What Is a Good Personal Credit Score and Why Does it Matter to My Business?

Any time you apply for a loan—regardless of whether it’s a personal loan or a small business loan—the loan officer will likely ask you about your personal credit score. The need to maintain a good personal credit score will likely never go away for most business owners, so knowing your score and what it means will make it easier for you to determine where to focus your search when looking for a small business loan.

While there might be some differences between the three major personal credit-reporting bureaus (Experian, Equifax, and Transunion), the following is a pretty good representation of what the scores mean:

Above 800: Excellent—If your credit score is above 800, lenders will likely roll out the red carpet for you. It will be relatively easy to qualify for a loan and you can expect the best interest rates and most favorable terms.

720-799: Very Good—This score identifies you as a low-risk borrower and you’ll be able to go just about anywhere to find a loan. You shouldn’t have any trouble at the bank and you should expect to be offered excellent interest rates.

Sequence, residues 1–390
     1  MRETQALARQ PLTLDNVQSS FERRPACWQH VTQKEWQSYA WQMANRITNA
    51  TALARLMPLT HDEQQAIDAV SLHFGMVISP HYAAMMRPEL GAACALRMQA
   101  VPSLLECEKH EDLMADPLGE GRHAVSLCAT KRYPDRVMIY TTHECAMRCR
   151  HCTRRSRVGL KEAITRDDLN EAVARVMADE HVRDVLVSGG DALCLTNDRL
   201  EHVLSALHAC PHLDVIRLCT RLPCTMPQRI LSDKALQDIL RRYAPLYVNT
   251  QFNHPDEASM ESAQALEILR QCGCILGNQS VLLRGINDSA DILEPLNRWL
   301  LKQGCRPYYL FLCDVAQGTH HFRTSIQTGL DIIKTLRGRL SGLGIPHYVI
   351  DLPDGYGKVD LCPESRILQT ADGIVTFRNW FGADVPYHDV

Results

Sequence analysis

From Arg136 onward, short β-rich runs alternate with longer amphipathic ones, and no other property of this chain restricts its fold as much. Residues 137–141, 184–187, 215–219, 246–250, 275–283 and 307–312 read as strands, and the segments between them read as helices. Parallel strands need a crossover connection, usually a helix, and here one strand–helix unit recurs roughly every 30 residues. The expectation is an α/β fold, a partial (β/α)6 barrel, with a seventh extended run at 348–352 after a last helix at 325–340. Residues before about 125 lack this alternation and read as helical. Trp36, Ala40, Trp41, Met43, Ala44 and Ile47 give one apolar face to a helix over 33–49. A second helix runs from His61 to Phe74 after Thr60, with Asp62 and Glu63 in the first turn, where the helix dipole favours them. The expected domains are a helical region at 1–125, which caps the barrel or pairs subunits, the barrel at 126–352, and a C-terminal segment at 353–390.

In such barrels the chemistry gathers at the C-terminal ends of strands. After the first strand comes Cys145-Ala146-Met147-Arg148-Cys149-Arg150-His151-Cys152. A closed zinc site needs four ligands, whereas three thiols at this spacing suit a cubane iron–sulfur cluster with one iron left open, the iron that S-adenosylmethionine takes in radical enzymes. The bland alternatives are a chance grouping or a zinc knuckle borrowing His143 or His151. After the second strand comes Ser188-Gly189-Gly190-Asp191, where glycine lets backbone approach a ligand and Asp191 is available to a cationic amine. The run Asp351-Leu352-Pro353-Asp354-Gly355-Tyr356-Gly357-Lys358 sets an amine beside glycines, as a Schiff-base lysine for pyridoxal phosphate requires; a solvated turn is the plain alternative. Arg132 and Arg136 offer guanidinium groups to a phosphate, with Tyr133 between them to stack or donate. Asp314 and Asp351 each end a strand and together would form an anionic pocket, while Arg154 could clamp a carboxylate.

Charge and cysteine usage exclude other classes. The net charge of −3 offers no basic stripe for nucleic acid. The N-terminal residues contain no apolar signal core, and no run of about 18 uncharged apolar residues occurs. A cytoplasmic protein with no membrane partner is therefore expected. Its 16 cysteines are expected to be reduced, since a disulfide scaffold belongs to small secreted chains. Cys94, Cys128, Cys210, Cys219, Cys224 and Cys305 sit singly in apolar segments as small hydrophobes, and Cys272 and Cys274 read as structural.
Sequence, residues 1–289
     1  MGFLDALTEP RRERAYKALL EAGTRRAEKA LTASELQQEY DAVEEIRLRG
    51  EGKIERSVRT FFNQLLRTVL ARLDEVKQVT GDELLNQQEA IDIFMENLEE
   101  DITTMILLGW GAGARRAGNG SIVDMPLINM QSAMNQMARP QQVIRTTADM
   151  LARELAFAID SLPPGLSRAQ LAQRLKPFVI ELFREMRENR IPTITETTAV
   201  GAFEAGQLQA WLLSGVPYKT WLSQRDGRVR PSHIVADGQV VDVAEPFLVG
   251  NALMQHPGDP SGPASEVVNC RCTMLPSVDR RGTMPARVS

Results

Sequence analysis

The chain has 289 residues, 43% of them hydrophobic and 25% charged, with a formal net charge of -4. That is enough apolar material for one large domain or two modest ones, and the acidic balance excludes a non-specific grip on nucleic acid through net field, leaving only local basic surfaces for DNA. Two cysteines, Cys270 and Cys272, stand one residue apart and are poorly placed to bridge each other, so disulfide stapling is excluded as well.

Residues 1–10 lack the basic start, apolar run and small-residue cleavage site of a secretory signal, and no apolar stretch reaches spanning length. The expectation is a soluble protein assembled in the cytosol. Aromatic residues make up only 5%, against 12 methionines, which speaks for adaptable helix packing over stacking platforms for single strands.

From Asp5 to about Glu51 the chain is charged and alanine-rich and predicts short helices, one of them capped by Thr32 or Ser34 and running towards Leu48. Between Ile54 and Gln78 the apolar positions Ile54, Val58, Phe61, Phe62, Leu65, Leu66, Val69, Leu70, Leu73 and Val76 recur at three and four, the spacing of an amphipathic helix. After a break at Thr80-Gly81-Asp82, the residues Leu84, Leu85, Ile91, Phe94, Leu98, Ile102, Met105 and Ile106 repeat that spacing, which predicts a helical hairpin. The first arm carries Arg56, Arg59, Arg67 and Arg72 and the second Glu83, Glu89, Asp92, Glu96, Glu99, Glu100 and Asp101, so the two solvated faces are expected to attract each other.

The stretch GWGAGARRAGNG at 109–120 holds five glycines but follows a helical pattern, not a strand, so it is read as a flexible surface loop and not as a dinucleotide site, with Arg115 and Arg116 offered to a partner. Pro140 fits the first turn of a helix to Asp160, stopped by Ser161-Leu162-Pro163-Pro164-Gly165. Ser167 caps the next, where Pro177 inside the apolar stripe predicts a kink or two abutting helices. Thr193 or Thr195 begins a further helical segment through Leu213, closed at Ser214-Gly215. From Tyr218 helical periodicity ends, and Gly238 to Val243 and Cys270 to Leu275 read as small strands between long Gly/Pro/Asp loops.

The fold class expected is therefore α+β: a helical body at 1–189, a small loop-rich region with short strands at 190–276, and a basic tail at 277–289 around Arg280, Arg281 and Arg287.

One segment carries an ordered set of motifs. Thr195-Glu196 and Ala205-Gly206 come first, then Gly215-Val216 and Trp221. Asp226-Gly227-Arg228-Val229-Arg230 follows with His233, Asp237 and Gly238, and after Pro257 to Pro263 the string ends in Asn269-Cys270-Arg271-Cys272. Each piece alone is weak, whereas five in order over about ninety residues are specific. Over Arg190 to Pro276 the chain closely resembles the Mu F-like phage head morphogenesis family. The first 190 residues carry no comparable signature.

680-719: Good—Many Americans fall within this range. A borrower with a score within this range can expect to see more approvals and better interest rates.

620-679: Fair—This is considered a moderate risk score. Although a small business loan is possible, this borrower will likely not be offered a low interest rate. A borrower in this category should expect to pay a moderate to high interest rate.

580-619: Poor—This is considered a high-risk credit score. A borrower with a credit score within this range should expect to pay a higher interest rate and will probably not find a loan at the local bank.

Below 579: Bad—Although there are some small business loan options available for borrowers with at least a 500 personal credit score, it is considered a high-risk score and will likely come with a high interest rate.

The credit system in Canada is similar to the United States, but there are some differences. For example, in the U.S., a consumer is able to order a free copy of their credit report once every year; while in Canada, they are able to order the report any number of times provided the request is made in writing and the report is delivered by mail. Equifax is the primary credit-reporting bureau in Canada.

Building a strong personal credit score (or breathing life into a score that is struggling) doesn’t happen overnight, but there are things you can start doing today that will help you build a strong personal credit score and ultimately improve the odds of qualifying for a business loan.

Interested in learning more about a business loan with low personal credit requirements and doesn’t require specific collateral? Check out our explanation page here.